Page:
A meeting with another, by now famous, “spiritual wanderer” ultimately swayed this Episcopal clergyman to become one of 5 million Orthodox Christians in America, Frederica Mathewes-Green said.
That man was Peter E. Gillquist, a former Campus Crusade for Christ staff member, who led more than 2,000 evangelicals into the Antiochian Orthodox Church.
Back in the late 1960s, Gillquist and some friends were “looking for the true New Testament church,” said his wife, Marilyn, who participated in this venture.
“We had become convinced that the church was the means to fulfill the great commission,” he later wrote.
Gillquist and his fellow evangelicals then became, in a sense, forerunners of one particular set of contemporary seekers: the ones who systematically study what most non-liturgical Protestants have been deprived of — the Church Fathers.
“Our background as evangelical Christians meant that we somewhat knew our way backward to the Protestant Reformation, and that we knew our way forward to A.D. 95, the end of the New Testament era,” he wrote.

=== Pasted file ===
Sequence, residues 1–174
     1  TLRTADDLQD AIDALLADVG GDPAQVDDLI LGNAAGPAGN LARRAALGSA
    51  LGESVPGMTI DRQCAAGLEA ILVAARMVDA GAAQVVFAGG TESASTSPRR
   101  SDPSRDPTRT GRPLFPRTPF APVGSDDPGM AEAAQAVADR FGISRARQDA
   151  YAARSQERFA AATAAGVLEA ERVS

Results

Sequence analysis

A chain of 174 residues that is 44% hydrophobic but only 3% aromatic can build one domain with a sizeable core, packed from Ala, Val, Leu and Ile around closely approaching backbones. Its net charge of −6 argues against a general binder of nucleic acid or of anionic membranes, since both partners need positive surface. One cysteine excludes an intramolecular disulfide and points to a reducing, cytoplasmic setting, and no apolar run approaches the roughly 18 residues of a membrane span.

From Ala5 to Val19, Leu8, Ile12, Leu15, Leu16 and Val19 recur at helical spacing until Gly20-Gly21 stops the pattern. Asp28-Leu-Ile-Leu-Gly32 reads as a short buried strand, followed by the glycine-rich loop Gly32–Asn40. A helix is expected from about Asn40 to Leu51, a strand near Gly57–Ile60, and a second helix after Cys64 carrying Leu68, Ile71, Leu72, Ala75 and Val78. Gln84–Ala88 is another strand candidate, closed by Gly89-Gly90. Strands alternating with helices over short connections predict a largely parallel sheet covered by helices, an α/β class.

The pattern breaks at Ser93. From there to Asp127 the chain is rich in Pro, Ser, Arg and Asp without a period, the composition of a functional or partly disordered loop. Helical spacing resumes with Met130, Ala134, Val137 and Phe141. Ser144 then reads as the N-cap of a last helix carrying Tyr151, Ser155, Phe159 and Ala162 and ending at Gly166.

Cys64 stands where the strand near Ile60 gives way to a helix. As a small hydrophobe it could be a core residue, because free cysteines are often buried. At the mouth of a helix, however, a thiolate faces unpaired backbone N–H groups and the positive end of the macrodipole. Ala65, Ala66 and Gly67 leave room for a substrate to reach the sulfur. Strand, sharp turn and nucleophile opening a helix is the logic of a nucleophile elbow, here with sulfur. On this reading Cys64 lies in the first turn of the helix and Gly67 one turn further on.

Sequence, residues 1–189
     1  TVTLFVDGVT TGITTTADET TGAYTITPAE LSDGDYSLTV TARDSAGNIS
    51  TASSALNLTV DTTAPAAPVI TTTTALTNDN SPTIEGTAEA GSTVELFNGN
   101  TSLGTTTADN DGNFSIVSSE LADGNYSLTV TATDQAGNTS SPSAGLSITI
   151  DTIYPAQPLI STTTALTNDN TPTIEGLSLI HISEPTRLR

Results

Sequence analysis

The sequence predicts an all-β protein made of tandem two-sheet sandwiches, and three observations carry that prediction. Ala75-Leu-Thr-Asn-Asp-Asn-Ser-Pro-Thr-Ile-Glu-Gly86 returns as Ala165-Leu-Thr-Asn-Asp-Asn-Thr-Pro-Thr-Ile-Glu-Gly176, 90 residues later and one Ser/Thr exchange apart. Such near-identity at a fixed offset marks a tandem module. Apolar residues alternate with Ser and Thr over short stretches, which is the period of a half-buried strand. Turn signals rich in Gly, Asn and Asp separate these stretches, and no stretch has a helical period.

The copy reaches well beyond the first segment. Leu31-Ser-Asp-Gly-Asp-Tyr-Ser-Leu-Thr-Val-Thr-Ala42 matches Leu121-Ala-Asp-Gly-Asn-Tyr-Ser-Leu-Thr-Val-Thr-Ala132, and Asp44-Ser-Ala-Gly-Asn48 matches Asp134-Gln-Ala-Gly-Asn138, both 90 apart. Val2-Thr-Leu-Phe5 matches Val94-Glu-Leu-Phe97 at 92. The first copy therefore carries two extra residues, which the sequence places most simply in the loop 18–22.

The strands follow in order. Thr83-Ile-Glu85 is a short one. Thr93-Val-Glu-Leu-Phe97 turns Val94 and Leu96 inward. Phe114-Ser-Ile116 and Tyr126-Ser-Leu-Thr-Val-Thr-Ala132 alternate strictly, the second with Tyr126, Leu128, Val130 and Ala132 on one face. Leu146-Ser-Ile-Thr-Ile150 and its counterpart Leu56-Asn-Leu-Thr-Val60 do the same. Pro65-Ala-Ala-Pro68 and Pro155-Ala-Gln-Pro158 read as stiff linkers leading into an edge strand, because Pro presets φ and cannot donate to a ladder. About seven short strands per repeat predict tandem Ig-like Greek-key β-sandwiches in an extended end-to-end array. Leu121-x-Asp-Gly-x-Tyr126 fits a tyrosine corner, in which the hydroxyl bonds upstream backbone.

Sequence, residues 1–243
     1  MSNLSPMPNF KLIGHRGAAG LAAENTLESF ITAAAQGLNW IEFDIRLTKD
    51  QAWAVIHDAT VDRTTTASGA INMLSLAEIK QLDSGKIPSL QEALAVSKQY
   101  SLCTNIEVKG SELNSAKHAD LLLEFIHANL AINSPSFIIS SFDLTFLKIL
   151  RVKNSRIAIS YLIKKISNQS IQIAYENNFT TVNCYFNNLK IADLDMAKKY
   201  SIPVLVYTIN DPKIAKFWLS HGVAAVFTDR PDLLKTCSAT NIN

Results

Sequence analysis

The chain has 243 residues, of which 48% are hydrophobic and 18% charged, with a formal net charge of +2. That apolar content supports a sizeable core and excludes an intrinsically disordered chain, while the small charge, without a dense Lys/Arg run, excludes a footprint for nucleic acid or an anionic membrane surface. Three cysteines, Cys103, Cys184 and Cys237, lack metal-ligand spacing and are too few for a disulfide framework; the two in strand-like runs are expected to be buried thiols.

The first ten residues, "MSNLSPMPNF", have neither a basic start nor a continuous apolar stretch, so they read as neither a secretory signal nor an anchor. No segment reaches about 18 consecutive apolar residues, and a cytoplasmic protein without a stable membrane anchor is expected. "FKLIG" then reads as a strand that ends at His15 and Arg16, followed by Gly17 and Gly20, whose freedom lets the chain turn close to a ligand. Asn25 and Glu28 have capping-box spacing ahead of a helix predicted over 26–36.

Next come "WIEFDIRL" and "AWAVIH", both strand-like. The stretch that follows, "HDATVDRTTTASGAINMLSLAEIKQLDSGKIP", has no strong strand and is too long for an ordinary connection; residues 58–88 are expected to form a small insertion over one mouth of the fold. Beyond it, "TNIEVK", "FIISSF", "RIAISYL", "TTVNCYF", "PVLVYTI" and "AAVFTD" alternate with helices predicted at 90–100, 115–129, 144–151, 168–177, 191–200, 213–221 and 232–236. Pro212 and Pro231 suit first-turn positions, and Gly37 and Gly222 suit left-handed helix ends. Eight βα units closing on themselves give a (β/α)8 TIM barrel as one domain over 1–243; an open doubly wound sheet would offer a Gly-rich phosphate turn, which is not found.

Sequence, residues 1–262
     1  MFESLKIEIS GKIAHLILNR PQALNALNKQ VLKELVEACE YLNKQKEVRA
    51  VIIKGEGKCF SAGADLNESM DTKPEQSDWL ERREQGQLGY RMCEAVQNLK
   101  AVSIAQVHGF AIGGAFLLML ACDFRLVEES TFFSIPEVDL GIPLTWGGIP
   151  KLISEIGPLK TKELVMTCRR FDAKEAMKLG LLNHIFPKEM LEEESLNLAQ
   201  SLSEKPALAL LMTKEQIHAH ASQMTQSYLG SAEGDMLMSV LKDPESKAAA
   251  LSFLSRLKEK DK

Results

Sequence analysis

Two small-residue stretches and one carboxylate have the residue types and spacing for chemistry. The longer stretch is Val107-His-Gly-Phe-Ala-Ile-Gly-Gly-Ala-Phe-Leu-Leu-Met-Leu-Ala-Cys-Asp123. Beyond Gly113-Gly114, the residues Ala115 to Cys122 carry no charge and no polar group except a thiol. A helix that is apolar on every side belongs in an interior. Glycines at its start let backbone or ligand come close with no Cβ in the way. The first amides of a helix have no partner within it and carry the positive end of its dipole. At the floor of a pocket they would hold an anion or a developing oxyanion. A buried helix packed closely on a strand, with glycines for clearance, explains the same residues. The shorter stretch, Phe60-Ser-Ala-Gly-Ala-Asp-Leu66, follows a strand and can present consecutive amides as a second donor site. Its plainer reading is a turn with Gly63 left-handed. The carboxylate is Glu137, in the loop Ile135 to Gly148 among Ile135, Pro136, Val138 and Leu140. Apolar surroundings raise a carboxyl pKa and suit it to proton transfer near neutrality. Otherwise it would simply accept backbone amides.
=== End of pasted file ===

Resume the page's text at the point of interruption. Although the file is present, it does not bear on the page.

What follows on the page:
In other words, they had missed out on what happened theologically between the 2nd and the 16th centuries.
What Gillquist and his friends found out was this: “From the start the church of Christ and his apostles were liturgical and sacramental, with a clearly defined laity, governed by bishops, presbyters and deacons.”
So they founded, in a sense, little orthodox house churches, vested, burned incense, celebrated the liturgy, and became the Evangelical Orthodox Church that was eventually accepted by the Antiochians.
If there is an amazing story about American Christianity in flux, this is it. Here were low-churchmen, whose pastors did not even wear a preaching gown, much less vestments.
Here were people whose churches had a congregational polity and frowned on distant hierarchs. And now they are under the roof of an ancient church whose patriarch lives in Damascus and whose primate in America, Philip Saliba, reigns from Englewood, N.J.
And now Father Peter E. Gillquist is archbishop Philip’s director of Mission and Evangelism, doing what he used to do for Campus Crusade for Christ: gathering souls, except this time for a church where the Apostle Paul had his own conversion experience, which changed him from a persecutor of Christians to the Church’s first and most important theologian.